Montclair parents say no to military
By Kasi Addison, Star-Ledger Staff, 19 January 2005

Eight out of 10 Montclair parents want their kids to be all they can be. But not if it means the military has access to their high-schoolers' records.

A provision in the No Child Left Behind act, which was signed into law two years ago, requires all schools receiving federal funding to provide basic student biographical information -- phone numbers, addresses, ages -- to military recruiters when asked.

However, parents are allowed to "opt out" and deny anyone, colleges, universities or military personnel, access to their children's information.

A group of Montclair High School students decided their parents should know about the policy in case they wanted to say no when the military came calling. So they started a campaign for their privacy.

Since the legislation went into effect in January 2002, most schools have fallen in line. According to statistics from the U.S. Department of Education, out of the 22,629 public schools affected by the legislation, only 271 are being monitored for compliance issues.

The department does not yet track the number of students whose parents opt not to release the information, said Jim Bradshaw, a spokesman.

Thus far, most school districts around the country have reacted well, said Col. Joseph Richard, a spokesman for Office of the Secretary of Defense.

"Frankly, we haven't seen any mass protests or complaints about the provision," he said.

Montclair is an exception.

Two years ago, students launched the group OYE OYE -- Open Your Eyes Open Your Eyes -- and their efforts led the district to create and publicize a policy about releasing student information to the military, as well as colleges and universities.

This fall, of the 1,937 students at Montclair High School, 1,628 declined to release their records to the military.

"If we have to sign a permission slip to go on trips, we should certainly have to sign something in order to let our information out," said junior Alissa Cherry, who was active in the campaign.

Though New Jersey districts are required to send information about opting out home, Montclair's policy seemed unique, said Jon Zlock, a state Department of Education spokesman.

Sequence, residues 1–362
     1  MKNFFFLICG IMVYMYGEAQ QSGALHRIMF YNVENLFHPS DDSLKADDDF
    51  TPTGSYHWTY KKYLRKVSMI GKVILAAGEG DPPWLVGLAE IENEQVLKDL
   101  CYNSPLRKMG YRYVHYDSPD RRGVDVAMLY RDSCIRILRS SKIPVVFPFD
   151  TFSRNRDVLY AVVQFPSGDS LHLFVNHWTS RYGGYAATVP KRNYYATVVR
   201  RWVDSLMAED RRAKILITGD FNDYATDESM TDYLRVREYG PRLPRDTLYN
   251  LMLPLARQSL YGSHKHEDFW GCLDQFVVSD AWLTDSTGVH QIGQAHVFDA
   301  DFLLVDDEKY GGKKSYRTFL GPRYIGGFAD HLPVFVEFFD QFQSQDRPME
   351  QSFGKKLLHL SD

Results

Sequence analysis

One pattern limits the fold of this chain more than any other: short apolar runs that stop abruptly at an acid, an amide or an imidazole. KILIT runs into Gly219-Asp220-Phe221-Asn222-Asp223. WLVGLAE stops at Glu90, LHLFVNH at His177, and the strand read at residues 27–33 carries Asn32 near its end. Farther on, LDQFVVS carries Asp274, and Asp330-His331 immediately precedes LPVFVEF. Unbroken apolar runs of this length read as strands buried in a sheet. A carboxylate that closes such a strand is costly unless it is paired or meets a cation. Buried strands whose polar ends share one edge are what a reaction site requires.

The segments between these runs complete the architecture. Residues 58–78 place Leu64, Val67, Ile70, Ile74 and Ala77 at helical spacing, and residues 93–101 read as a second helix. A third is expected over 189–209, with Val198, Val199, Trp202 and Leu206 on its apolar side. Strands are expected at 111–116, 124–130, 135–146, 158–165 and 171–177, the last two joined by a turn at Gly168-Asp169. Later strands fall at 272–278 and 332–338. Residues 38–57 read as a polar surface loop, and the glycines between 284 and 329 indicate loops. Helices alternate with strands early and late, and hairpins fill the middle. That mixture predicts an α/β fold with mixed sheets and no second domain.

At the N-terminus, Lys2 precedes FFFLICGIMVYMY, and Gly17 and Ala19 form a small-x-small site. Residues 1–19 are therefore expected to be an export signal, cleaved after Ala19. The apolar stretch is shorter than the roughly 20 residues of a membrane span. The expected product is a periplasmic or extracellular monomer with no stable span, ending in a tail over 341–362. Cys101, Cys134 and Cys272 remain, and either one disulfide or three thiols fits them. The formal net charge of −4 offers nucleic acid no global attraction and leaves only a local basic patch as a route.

The district only releases information for students in the 11th and 12th grades, but all parents at the high school are sent written notification about the release of information twice a year. Students must return the forms in order to register for classes.

"It is an issue of privacy," said Elizabeth Lipschultz, another student activist.

Cherry's mother, Andrea, was furious when she found out the district was releasing her child's information without her express consent.

"Why is money for the education of children tied in any way to giving our information to the government?" she said. "If you are going to give us money is one thing, but trying to recruit these kids ... "

Richard said the new policy has leveled the playing field for military recruiters, allowing them access to the same information colleges, universities and private businesses have had for years.

"It's a matter of fairness," he said. "Many kids may not be inclined to go to college and are looking for other opportunities after high school. We try to provide information to everyone."

Since the legislation passed, Richard said, the armed forces have repeatedly exceeded their recruiting objectives. He also said that just because parents opt out of allowing schools to release their children's information, that doesn't mean recruiters still won't call.

"If parents opt out, that only applies to information received from the school," he said. "Students can respond to Internet and magazine ads. We get information a number of ways."

Which isn't a problem in some districts.

At one Paterson school, out of nearly 2,000 students, only one parent opted out, and the same was true in Elizabeth, said Richard Smutek, an assistant to the school superintendent.

"We notified the parents in a student handbook and a calendar that goes home every year," he said. "Few decide to opt out. It hasn't been a major issue."

But Alissa Cherry and Lipschultz hope other students will start to pay attention. They are perfecting the policy with the hope it will one day be used throughout the state.

"We are not against the military at all," Cherry said. "If a student wants to go, that is their decision. We are just giving them the option of whether they want their information out there."

Kasi Addison can be reached at (973) 392-4154 or kaddison@starled